In this clinic, students will represent low- and moderate- income clients in a variety of practice areas: primarily immigration, but also including employment, consumer, family, wills and estates, and real estate law. This clinic introduces students to practice specialties that are common to small private practices and public interest/legal services programs, with the goals of: 1) exposing students to a wide range of public interest practice areas; 2) helping students develop their capacity quickly to build expertise in new fields; 3) exploring how lawyers can establish and maintain general and/or small practices in economically sustainable ways; 4) analyzing how public and private lawyers, working together, can provide enhanced legal services to poor and moderate-income people and communities; 5) building skills of law practice and professionalism; and 6) introducing students to our justice system, including the impact of income, race, and gender on access to justice. There will be a once-weekly seminar-style class (Tuesdays from 3:10-5:00 p.m.). In addition, students will meet with the professor each week, either individually or in teams, to discuss ongoing client matters. Students will also work with outside supervisors who are, themselves, engaged in solo or small firm practice. Studentsí grades will be based on the quality of their work, their professionalism (e.g., attention to ethical responsibilities; communication with and commitment to supervisors, colleagues, and clients; and compliance with deadlines); effort; improvement; initiative and resourcefulness; and willingness and ability to support their colleagues. This clinic will satisfy the Cardin Requirement.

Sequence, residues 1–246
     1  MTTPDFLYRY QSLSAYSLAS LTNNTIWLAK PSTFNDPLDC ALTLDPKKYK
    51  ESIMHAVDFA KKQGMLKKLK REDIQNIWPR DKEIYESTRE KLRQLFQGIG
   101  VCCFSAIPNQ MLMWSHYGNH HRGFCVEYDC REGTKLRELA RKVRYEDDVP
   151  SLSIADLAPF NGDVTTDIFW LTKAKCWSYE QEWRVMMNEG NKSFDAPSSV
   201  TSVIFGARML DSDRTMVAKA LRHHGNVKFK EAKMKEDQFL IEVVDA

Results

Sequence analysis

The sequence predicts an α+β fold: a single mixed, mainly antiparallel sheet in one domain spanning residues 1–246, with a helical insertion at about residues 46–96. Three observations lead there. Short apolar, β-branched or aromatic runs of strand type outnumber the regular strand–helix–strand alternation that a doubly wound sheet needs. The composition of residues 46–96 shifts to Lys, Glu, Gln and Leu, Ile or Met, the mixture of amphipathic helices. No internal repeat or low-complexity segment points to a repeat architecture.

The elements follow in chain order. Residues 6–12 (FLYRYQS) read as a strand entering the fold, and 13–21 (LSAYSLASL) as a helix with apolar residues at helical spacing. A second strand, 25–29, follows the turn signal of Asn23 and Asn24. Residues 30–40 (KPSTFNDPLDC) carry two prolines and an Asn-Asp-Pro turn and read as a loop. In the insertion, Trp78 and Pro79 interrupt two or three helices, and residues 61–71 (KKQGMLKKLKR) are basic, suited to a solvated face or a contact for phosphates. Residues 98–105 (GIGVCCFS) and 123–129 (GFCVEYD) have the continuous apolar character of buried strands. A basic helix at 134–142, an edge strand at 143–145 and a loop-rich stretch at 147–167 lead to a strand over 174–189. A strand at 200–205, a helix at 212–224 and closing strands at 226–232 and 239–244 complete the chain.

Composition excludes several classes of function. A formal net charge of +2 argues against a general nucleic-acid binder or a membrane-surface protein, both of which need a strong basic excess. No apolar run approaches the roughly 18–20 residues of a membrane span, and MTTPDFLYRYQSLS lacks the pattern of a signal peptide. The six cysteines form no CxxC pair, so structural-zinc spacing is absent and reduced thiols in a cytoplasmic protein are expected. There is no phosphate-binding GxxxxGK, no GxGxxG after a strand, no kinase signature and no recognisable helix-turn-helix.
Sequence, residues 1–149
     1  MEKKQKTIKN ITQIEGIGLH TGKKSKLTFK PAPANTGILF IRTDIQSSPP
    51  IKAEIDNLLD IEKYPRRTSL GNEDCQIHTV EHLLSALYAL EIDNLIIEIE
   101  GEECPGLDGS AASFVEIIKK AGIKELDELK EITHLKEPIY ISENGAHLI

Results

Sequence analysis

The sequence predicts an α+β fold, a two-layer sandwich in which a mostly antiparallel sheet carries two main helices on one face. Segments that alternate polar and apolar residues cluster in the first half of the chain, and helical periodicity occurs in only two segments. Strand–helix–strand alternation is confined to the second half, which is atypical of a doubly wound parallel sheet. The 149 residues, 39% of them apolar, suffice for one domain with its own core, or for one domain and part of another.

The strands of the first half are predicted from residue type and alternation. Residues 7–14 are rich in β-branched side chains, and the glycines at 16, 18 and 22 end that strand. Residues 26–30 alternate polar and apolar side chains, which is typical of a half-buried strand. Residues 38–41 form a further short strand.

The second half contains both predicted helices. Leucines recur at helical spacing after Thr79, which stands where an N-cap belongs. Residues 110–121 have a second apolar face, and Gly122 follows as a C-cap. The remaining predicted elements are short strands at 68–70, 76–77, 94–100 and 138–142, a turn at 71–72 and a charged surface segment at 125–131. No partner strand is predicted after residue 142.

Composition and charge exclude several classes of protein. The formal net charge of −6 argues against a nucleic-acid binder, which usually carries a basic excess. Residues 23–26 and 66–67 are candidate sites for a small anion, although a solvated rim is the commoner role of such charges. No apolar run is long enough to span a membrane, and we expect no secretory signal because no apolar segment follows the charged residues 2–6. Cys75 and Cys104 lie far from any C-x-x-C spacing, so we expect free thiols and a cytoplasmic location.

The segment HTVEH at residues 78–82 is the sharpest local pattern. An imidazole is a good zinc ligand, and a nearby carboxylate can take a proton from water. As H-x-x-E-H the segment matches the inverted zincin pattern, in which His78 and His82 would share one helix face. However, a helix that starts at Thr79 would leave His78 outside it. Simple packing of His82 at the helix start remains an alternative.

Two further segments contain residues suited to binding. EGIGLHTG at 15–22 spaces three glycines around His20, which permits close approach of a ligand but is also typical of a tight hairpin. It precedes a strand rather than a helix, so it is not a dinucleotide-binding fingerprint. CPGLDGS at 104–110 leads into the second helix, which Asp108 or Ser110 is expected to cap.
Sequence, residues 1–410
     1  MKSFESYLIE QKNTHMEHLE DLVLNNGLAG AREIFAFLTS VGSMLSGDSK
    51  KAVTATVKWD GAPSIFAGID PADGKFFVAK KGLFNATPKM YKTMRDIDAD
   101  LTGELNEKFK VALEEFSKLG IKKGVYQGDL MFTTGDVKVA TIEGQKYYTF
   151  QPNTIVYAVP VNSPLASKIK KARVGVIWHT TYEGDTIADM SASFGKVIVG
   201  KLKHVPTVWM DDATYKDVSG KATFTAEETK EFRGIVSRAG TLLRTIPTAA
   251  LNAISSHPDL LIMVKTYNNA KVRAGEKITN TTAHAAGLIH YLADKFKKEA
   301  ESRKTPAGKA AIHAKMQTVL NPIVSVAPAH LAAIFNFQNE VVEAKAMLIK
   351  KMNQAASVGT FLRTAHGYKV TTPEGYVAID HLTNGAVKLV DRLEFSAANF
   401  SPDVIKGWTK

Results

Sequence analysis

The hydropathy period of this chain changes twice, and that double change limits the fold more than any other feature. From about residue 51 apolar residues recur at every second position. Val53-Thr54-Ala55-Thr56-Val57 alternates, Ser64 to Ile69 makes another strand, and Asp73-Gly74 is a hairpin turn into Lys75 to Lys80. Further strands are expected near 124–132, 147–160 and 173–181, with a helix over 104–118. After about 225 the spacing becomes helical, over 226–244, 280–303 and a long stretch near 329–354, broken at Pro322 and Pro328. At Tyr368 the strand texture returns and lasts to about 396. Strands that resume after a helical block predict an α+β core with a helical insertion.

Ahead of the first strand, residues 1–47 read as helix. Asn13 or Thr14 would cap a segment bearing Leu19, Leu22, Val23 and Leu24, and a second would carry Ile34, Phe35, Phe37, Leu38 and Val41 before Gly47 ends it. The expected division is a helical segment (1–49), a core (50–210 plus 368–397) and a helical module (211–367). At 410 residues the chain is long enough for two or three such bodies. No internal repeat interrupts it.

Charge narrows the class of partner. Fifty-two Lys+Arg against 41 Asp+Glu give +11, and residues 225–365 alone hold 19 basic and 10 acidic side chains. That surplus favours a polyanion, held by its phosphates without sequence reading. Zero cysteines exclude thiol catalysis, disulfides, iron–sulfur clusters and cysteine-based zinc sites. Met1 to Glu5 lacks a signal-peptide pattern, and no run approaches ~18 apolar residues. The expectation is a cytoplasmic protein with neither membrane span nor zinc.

Students who enroll in this course are required to attend a one day (9:00 am to 5:00 pm) Law Practice Orientation Program the Saturday before the first day of the semester in which the course begins.
Summer General Practice Clinic
The Summer General Practice Clinic offers unique opportunities for students to acquire a variety of clinical experiences. Unlike the typical clinical experience in which students concentrate in one area of clinical practice for one or two semesters, summer clinic students have the opportunity to practice in several areas. A primary goal of summer clinic is to maintain continuity of service to current clients. In addition, students will assume responsibility for new, primarily criminal, cases. For the first three weeks there will be daily sessions designed to cover a broad range of general legal practice techniques, case management and justice system issues. Special topics may include forensic mental health, juvenile justice, alternative justice models. For the remainder of the session there will be two class sessions per week, one of which will be spent primarily doing case conferencing and presentations. There also will be a focus on some unique features of Baltimore City and its history for the purposes of enhancing student knowledge about the communities in which they will practice. Summer Clinic is offered to second and third year day, and third and fourth year evening students. Summer clinic lasts 10 weeks. Students are expected to spend on average 40 hours per week in clinic. This approximates the time that students spend in clinic during typical 14 week long Fall or Spring semester, that is, approximately 400 hours per semester. Students may take vacation following the completion of Summer Clinic which is August 13.
Students who enroll in this course are required to attend a daylong (9:00 am to 5:00 pm) Law Practice Orientation Program on the first day of the summer session.
|545D (CRN: 61152) Credits: 6|
Bellido de Luna; Maddox; Dixon; Pinard.
Summer, 2014 (Day).
.1 opening. (Limit 14). Faculty permission required to add or drop.